○ Well, it was a very different age. Our selection is very fair, and the composition of the band is now quite international and diverse. My selection experience was a little different. First, they said to me, “Go lighter, don’t break things.” I’m a big man. My experience may be more complicated. I mean, when I came to the selection of the Boston Symphony Orchestra, I was not thinking “I want to get this job so that I can do what I like and get a stable one of the best orchestras in the world. Salary, can also fall in love, get married, have children with the girls in the Tangerwood Festival Choir, you can buy a house, provide a mortgage, and send your children to school. “No, if I was thinking about it at the time, I do n’t Maybe sit here. The advice I got back then and the advice I give my students are the same. You can’t pin everything you want on a selection. You should participate in the selection just because you like music and don’t think about anything except what you want to express. In other words, use your own voice to bring Brahms, Beethoven, and Bach’s music to life, and hope they can recognize your voice. The psychology of participating in the selection is that you can’t think about how important it is, don’t complicate it.
◎ This is quite difficult.
○ Yes. About 50 or 60 people participated in the selection with me.
◎ At that time, many people wanted to join the Boston Symphony Orchestra.
○ Same now.
◎ Yes. The difference is that the average age of the band members is now lower, and we have become the elders in the band. The orchestra is much more fun now. Playing with young musicians is a lot of fun for me.
● Both of you have worked in the orchestra for 40 or 50 years. The young musicians of that time are now masters in the orchestra. You do n’t know how many times you have performed some songs, but you have also passed on the tradition of the orchestra to newcomers. How do you feel about this?
○ The tallest building that used to be near Carnegie Hall was the Osborne Apartments, which is 14 stories high. On the top floor of Osborne, you can see the Brooklyn Bridge. Today, the tall buildings outside Carnegie Hall, Osborne still stands elegantly there, but it is not the tallest building. The orchestra is the same. I am the “Osborne” in the orchestra. We and young musicians learn from each other.
○ Every time I think “this is the way to play Brahms”, I find that they have completely different interpretations, better than my interpretation. I will pass what I have learned to my students.
◎ I totally agree with what Lawrence said. In addition, I would like to add that if you don’t accept new ideas and change yourself, you will be eliminated. You must accept the fact that new ways of interpretation will always appear. You can learn new things from people of any age. In the orchestra, I played with a 26-year-old cellist, but his music is so mature that he is like my elders in music, so age and musical expression have nothing to do with talent.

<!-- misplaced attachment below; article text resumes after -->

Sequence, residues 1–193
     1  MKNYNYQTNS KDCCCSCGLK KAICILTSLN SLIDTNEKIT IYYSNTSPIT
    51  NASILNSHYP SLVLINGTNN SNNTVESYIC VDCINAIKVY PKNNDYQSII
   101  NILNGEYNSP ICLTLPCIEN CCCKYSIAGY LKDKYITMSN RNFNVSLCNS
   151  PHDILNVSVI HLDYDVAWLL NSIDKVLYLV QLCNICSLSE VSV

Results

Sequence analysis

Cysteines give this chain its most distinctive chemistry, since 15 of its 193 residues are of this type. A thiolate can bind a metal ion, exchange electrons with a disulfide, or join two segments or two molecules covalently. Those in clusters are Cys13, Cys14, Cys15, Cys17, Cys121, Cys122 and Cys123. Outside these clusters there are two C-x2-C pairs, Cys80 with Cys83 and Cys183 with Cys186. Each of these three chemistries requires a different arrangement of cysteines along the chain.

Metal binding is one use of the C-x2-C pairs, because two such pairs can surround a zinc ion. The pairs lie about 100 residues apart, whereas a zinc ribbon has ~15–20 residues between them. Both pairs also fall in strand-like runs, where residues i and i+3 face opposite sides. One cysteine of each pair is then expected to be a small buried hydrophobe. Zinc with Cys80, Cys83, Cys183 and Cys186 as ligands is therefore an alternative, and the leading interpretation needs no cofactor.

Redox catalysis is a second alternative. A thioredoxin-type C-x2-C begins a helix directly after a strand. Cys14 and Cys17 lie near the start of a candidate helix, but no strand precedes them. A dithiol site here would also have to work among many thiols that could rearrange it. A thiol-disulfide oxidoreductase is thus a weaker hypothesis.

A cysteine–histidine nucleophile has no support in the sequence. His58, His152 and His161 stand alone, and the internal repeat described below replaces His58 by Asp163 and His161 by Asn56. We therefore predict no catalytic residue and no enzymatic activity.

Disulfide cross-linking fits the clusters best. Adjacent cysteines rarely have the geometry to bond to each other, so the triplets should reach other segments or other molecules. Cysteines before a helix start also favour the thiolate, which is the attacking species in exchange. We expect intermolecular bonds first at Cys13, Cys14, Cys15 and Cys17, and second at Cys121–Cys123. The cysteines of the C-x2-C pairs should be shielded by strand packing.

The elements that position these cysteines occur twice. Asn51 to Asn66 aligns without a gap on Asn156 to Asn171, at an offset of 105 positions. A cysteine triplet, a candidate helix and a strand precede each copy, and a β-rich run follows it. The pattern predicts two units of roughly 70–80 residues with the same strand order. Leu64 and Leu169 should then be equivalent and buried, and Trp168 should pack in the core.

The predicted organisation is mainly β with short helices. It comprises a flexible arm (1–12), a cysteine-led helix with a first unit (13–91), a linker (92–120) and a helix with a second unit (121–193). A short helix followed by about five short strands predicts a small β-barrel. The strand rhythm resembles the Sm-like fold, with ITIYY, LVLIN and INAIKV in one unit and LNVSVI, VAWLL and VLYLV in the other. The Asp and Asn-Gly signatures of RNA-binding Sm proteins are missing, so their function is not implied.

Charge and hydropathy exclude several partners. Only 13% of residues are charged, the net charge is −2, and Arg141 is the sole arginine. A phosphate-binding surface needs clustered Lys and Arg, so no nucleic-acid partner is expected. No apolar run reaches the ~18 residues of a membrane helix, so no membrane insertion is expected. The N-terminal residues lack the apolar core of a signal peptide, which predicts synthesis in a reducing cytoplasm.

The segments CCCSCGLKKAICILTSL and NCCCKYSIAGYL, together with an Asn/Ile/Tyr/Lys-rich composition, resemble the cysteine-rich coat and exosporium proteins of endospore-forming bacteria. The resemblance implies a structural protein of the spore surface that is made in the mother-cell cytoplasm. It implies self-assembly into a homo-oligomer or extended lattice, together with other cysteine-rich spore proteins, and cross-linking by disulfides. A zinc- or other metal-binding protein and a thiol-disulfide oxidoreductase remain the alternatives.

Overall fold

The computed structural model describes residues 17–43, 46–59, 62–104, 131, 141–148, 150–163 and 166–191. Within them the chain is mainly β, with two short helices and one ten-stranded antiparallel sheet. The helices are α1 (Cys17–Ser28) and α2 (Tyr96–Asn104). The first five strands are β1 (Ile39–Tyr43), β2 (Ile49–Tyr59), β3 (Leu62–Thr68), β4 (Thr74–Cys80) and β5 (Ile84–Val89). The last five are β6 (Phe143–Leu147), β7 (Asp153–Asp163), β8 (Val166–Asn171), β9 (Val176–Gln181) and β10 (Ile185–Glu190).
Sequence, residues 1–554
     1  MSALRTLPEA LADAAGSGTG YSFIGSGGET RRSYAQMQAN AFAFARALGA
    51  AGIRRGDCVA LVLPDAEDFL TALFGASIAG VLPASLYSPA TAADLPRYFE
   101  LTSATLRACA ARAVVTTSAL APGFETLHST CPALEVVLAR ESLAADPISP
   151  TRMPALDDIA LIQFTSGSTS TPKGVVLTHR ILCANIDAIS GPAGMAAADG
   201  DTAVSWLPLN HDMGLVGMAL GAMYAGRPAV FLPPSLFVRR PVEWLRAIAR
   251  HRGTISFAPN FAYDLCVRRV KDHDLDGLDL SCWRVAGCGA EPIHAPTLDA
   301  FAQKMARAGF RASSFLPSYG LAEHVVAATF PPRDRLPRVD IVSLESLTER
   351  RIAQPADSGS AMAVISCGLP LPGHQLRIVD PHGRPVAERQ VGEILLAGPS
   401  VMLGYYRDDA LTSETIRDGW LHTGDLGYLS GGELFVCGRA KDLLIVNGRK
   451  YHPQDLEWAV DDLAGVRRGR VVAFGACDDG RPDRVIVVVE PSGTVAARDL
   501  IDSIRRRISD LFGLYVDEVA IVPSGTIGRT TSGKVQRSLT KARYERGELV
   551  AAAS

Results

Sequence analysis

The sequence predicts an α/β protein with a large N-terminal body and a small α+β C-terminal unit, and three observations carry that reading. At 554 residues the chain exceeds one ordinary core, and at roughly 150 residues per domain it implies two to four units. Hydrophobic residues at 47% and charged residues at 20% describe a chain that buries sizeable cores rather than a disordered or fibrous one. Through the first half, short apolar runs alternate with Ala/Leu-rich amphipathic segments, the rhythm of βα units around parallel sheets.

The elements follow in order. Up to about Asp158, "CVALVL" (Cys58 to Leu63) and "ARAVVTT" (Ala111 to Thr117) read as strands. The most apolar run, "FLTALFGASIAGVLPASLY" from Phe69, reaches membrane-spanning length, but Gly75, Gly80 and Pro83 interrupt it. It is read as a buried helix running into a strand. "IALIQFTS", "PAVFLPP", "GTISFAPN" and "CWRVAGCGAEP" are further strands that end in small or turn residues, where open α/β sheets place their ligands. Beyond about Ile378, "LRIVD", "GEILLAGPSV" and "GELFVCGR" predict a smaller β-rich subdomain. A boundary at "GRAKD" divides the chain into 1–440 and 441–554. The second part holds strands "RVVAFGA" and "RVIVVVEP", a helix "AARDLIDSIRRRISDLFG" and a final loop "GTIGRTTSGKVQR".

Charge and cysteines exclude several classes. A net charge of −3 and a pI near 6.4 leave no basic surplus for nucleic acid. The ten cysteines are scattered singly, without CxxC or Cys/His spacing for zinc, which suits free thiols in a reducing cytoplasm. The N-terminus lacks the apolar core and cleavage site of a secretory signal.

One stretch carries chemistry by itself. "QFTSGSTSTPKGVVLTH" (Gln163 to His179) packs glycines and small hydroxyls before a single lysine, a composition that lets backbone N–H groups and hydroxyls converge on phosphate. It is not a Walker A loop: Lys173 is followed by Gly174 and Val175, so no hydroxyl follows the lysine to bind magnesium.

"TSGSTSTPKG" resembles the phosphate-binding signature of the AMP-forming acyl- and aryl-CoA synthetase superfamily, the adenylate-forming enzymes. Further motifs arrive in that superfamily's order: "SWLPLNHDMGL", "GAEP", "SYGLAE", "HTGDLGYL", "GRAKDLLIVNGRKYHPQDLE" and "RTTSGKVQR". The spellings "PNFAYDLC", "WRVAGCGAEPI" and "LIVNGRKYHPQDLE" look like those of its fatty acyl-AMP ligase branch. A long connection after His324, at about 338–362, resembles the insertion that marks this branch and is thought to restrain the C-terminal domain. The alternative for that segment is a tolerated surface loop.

For me personally, for a long time, I didn’t have any closer group in the band. Firstly, there are very few female members in the orchestra. Secondly, I read a lot of books and I don’t get close to them. However, the young members of the orchestra are now full of energy and it is fun to be with them.
● The Boston Symphony Orchestra’s performance schedule is very compact. As members of the orchestra, how do you balance performance, family, and teaching? Is there a so-called “standard day”?
◎ Our schedule is as follows: Tuesday morning rehearsal, Tuesday night performance; Wednesday morning rehearsal; Thursday morning rehearsal, Thursday evening performance; Friday afternoon performance, Saturday evening performance. In the era of Masaru Ozawa, we also recorded on Monday and Saturday mornings. We recorded a lot of records. Ozawa Masaru is the oldest music director of the Boston Symphony Orchestra. When I have children, in order to take care of them, I sometimes can’t attend the show. Ozawa Seiji is very supportive and respects my family. I have two children to take care of and I missed a lot of tours for my family. My husband and I work together with a babysitter to help, but my child knows that they will always come first.
○ There is no one-time plan. My wife is a singer and she also performs and teaches. When the children are still young, we will discuss the plan of the day every morning, who will take care of the children from time to time, and spare time to practice and teach in the busy schedule. It’s hard, but it’s also very fulfilling. I think I should be a good father. My twin daughters are forty years old and they will chat with me.
◎ Lawrence’s daughters have been my child’s nanny. At the time, Lawrence was a male who took care of more families. When you have a child, it is already a full day of toss before you go to work. I remember one of my former colleagues saying to me, “Sheila, it’s a holiday for me to come to the band.”
● The two of you have worked in the Boston Symphony Orchestra for decades. For you, what is the special charm of the orchestra that inspires you to work in the orchestra for a long time?
◎ Working in an orchestra is not always perfect, but most of the time it is fun.
○ For me, during the fifty years of the orchestra, I was grateful. I am grateful for my musical talent and the opportunity to develop it. I was born for music and had the opportunity to become a professional musician. Sometimes there are concerts that I don’t want to play anymore. But for my young colleagues, I try to find new ideas in them.